University Hospitals Ahuja Medical Center to offer free colonoscopies

March is National Colorectal Cancer Awareness Month

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Beachwood, Ohio – March is National Colorectal Cancer Awareness Month. For the second consecutive year, University Hospitals (UH) Digestive Health Institute at UH Ahuja Medical Center will offer a program of free colonoscopies to qualifying patients throughout March.
 
“Colon cancer is the most common gastrointestinal cancer by far, and one of the most common causes of cancer deaths,” said John A. Dumot, DO, Medical Director, UH Digestive Health Institute, UH Ahuja Medical Center. “People need to take it seriously, and our message with this colonoscopy initiative is, ‘get screened.’”
 
After the success of last year’s program, UH Ahuja Medical Center is expanding it by providing 20 free colonoscopies to patients meeting these criteria. You must:
 
• Be an Ohio resident
• Currently have no health insurance with income below 200 percent of the Federal Poverty Level.
• Be 50 – 65 years old with no serious pre-existing conditions.
• Have no symptoms of colorectal cancer including rectal bleeding, blood in the stool, temporary change in or discomfort with bowel movements, cramping pain in lower abdomen, frequent gas pains, weight loss without dieting, constant fatigue.
• Not be taking blood thinners.
• Not have an artificial heart valve, defibrillator, pacemaker, bleeding disorder or obstructive sleep apnea.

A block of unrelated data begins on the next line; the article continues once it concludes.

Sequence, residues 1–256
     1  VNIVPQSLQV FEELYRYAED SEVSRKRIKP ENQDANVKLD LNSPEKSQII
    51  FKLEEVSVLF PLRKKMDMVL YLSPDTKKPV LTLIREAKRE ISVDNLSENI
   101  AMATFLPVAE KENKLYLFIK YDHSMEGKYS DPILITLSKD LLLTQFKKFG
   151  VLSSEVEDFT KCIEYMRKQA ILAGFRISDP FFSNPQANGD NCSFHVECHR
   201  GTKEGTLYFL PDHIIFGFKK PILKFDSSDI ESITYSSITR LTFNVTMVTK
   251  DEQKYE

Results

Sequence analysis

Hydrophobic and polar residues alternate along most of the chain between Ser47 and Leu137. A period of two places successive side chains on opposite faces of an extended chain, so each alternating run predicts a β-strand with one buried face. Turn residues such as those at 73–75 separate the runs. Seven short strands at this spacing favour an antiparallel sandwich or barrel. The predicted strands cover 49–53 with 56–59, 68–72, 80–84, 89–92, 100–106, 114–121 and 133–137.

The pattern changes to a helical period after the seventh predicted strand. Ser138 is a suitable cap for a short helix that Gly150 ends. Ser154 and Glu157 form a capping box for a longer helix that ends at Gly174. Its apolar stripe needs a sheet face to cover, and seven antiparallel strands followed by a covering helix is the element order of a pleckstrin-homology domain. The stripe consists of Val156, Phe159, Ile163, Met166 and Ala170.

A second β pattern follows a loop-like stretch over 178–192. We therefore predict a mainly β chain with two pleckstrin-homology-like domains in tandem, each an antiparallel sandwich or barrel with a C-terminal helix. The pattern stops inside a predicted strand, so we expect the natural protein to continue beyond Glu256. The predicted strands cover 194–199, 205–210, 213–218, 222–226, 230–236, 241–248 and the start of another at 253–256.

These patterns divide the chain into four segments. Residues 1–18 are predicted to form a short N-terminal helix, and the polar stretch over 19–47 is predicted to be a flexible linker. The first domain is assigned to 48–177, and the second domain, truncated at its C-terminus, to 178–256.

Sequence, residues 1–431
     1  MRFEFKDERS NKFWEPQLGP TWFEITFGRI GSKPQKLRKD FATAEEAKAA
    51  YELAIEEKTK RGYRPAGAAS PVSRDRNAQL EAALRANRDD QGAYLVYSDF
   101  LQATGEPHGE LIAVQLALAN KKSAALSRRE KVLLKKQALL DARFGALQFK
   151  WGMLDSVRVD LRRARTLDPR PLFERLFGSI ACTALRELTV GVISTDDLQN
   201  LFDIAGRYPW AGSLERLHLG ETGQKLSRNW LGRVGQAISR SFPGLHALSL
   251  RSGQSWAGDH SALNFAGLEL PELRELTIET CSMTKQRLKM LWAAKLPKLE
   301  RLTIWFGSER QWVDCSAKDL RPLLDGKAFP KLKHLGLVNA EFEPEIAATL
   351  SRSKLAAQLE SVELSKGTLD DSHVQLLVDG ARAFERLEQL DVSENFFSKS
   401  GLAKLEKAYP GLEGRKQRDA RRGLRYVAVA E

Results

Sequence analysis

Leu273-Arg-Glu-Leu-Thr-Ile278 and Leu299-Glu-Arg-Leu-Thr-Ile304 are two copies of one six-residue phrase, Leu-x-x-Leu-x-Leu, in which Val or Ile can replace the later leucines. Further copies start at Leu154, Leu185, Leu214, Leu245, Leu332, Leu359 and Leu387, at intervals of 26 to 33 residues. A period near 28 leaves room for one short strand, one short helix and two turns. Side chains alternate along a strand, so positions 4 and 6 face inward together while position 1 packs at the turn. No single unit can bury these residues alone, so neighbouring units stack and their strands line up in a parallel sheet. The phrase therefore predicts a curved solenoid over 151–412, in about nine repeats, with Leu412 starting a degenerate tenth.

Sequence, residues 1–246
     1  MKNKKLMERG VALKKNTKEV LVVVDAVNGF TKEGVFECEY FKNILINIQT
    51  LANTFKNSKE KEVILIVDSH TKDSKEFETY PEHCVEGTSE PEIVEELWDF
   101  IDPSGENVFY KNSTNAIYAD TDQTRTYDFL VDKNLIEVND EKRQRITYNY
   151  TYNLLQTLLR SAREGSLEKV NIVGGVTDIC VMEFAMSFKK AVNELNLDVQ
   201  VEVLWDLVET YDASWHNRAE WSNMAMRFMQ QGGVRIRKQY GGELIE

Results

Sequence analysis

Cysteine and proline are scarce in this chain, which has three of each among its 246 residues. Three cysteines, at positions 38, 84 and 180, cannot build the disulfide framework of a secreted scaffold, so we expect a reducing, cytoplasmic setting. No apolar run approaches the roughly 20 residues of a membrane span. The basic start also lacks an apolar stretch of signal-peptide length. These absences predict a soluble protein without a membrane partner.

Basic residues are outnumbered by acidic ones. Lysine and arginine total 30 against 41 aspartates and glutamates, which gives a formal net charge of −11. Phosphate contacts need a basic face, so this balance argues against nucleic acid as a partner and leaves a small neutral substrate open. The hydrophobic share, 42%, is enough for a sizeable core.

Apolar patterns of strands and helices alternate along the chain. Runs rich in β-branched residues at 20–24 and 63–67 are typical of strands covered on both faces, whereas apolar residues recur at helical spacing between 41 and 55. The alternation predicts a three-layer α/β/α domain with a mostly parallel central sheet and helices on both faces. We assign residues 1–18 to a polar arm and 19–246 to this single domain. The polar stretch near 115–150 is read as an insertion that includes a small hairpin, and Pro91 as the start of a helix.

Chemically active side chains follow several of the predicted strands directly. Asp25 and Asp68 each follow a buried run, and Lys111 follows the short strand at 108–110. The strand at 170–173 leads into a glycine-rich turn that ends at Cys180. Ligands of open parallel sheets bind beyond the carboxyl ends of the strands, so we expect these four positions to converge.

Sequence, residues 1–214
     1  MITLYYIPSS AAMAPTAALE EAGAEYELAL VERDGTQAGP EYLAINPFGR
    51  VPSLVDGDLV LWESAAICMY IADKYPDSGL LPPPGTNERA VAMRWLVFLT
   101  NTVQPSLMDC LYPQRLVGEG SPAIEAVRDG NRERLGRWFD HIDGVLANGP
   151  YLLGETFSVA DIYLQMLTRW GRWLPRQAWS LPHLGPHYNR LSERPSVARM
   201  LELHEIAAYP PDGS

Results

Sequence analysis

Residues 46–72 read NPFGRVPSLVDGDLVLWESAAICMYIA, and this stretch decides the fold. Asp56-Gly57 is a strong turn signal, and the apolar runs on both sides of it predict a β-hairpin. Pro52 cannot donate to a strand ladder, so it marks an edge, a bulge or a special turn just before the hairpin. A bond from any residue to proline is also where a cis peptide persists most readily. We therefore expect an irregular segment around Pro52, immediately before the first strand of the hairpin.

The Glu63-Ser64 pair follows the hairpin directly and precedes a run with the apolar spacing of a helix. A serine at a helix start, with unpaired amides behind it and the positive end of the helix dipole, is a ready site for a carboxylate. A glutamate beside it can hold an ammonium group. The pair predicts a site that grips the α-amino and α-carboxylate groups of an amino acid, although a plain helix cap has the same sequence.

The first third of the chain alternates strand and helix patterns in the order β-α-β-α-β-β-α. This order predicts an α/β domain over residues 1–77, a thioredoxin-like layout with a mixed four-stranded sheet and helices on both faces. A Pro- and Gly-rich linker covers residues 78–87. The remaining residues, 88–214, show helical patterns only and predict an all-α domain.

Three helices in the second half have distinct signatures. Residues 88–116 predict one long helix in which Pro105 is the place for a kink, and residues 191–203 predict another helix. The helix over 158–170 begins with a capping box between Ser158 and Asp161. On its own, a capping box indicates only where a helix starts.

• Be able to provide consent to have the colonoscopy performed.
• Have a companion who provides transportation for you to and from UH Ahuja Medical Center and is able to remain on-site during the procedure.
 
“For those who qualify and complete the screening, University Hospitals will provide financial counseling and support to pay for follow-up care as needed,” said Theresa Kearns-Fischer, RN, BSN, MBA, Director of Operations, UH Digestive Health Institute.
 
Colonoscopy not only screens for colon cancer, it can actually prevent it with the removal of polyps. “The majority of men and women should have their first colonoscopy at age 50; African-Americas should start at age 45,” says Dr. Dumot. “If there is a strong family history of colon cancer – an immediate family member who developed the disease before age 60 – screenings should begin at age 40.”  Dr. Dumot stresses that while obesity is the strongest predictor of colon cancer, it is a disease than can strike anyone.
 
“Between 30 and 40 percent of adult candidates have never been screened for colon cancer,” says Susan Juris, President, UH Ahuja Medical Center. “With this March program, we are committed to getting people in our area thinking and motivated to schedule a colonoscopy.”
 
Screening colonoscopies are also being offered in March at UH Case Medical Center in Cleveland. To learn if you qualify for a free colonoscopy at UH Ahuja Medical Center, 3999 Richmond Road in Beachwood, call 216-844-2336 by Friday, March 14. For more information about the services offered at the hospital’s UH Digestive Health Institute, visit www.ahuja.org. For details about National Colorectal Cancer Awareness Month, visit the Colon Cancer Alliance at www.ccalliance.org/awareness_month.

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